Thursday, August 15, 2013

10 Marks of Friendship

I listen to the radio this morning and hear the tail-end of something, so I may have missed the main thing.  But this is what I heard: you’re known by the friends you keep.  The speaker went on to talk about our sin and seemed to be saying to watch out for who we hang out with.

Fine advice, perhaps, for our teenagers, who may not yet have developed their resistance muscles sufficiently to stave off temptation to all kinds of stuff we’d rather they didn’t.


But I am more minded of Jesus and his collection of friends, who weren’t all that.  In fact, they were gluttons and drunkards (Matthew 11.19) . . . his betrayers (Matthew 26.50) . . . tax collectors (Luke 7.34) . . . those who could do nothing for him in return (Luke 14.12) . . . the dishonest (Luke 16.9) . . . those whose station in life gave them no right to claim him as friend (John 15.15) . . . the sinners (Luke 19.7) . . . those Jesus claimed as friends were unsuitable in every way.  Even being seen with them ruined his reputation.

In friendship, as with all human relationships, there is an unspoken assumption of mutuality – that we can and do do for each other.  There’s nothing wrong with that, so far as it goes.  But the reality of lived relationships is that there are times when one must carry the other, be the strength for the other, show the other the way.  Sometimes it’s my turn.  Sometimes it’s yours.  But sometimes, it’s always your turn.  Or mine.  There is no graph or chart by which to measure such things, for the fact is, it’s not only some days that my need is the greater; sometimes it’s a whole lifetime when my need is the greater.  And sometimes, as Henri Nouwen learned when he lived in the L’Arche Community, the one who thinks he’s meeting the needs is actually having his own needs met.  Things are not always as they seem.

I think Jesus knew that.

I think Jesus picked his friends based on their need of him more than out of his need for them, but in the picking, I suspect Jesus received as well as gave, learned as well as taught.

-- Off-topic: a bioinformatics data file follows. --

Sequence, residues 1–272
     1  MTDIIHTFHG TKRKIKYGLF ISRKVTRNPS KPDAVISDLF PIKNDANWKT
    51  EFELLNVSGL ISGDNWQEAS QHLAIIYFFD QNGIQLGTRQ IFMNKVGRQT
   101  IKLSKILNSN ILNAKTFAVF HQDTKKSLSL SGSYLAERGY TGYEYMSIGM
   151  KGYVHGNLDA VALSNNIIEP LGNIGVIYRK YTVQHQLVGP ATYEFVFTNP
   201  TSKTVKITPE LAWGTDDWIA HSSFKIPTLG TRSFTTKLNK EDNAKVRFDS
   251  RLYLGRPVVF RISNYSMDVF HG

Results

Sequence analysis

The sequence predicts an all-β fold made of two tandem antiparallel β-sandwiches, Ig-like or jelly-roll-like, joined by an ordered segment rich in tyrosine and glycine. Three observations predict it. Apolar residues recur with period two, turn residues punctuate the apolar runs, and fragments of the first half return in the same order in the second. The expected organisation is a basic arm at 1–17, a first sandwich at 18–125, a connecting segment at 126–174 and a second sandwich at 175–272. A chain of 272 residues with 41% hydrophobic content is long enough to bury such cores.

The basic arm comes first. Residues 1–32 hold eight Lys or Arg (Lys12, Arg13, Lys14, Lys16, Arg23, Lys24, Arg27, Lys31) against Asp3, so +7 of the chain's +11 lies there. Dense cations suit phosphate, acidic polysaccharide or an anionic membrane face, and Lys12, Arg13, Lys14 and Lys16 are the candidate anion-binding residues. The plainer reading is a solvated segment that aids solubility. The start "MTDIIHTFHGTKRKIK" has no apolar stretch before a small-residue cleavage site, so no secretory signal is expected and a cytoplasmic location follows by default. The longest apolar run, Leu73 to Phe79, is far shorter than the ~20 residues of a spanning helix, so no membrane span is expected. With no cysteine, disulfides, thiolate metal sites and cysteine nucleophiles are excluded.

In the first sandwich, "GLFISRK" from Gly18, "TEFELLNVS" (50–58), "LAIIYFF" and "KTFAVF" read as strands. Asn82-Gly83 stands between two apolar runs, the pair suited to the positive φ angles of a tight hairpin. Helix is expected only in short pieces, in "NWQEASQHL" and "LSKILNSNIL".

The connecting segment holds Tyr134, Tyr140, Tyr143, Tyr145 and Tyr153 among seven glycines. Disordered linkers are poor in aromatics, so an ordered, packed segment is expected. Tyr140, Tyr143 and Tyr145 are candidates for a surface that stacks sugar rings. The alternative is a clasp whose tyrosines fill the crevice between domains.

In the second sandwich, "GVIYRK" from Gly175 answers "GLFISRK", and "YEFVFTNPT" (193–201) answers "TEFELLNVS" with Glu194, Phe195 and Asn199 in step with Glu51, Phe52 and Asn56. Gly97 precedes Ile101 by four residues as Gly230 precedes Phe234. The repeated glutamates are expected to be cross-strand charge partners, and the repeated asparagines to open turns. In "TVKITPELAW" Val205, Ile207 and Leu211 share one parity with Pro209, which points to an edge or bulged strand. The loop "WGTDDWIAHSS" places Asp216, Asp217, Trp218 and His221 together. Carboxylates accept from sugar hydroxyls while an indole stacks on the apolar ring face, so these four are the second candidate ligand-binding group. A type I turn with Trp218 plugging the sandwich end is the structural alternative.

But back to the original point: there are marks of friendship.  Here are my top 10:

1. You say yes just because I asked.  Simple as that.

2. You meet me where I’m at, and don’t wait for me to get to where you think I should be.

3. You like my hair, my tattoos, my clothes, my house, because I do.

4. Yes, you tell me the hard things, but mostly you don’t – because you know that I already know.

5. You never have to say that anything is for my own good.  We both already know my good is all you desire for me.  It never need be said.  You’re my friend, so you never preach.

6. You rejoice when I rejoice.  My happiness makes you happy.

7. You have no agenda to change me.  You love me as I am.  And you are wise enough to know that for the stuff that needs changing, change will come because we spend time together, not because you tell me to change it.

8. You know I will let you down.  But you already forgave me for that when you decided to be my friend.

9. You don’t keep score.  You know that some days, maybe even most days, you’ll be a better friend to me than I am to you.

10. You know that while I may be what I do, I am not all that I do.

It all comes down to acceptance, doesn’t it?  Acceptance doesn’t mean that you jump into the deep end of the pool with me.  It doesn’t mean that you make my problems yours.  It doesn’t mean that you let me walk all over you.

But acceptance does mean that you take me as I am.  It does mean that you don’t worry to much about how good or deserving I am, because you’re wise enough to realize that I am a work in progress.  It does mean that you see my worth regardless of the judgment of the world.

It is a great gift – this gift of friendship that has been given me, for I have been blessed with many people along my life’s journey who have greeted me thusly.  I hope that I have been a good friend in return, saying yes to all your crazy schemes and dreams as you have to mine . . . been there for you as you have been there for me . . . or not . . .

So to all I call friend, thank you for carrying me when I needed it.  Thank you for your time.  For your caring.  For your forgiving in advance.  For knowing me just as I am and finding in that something to call good and worthy.  For being my friend.

I hope I live up to the honor.

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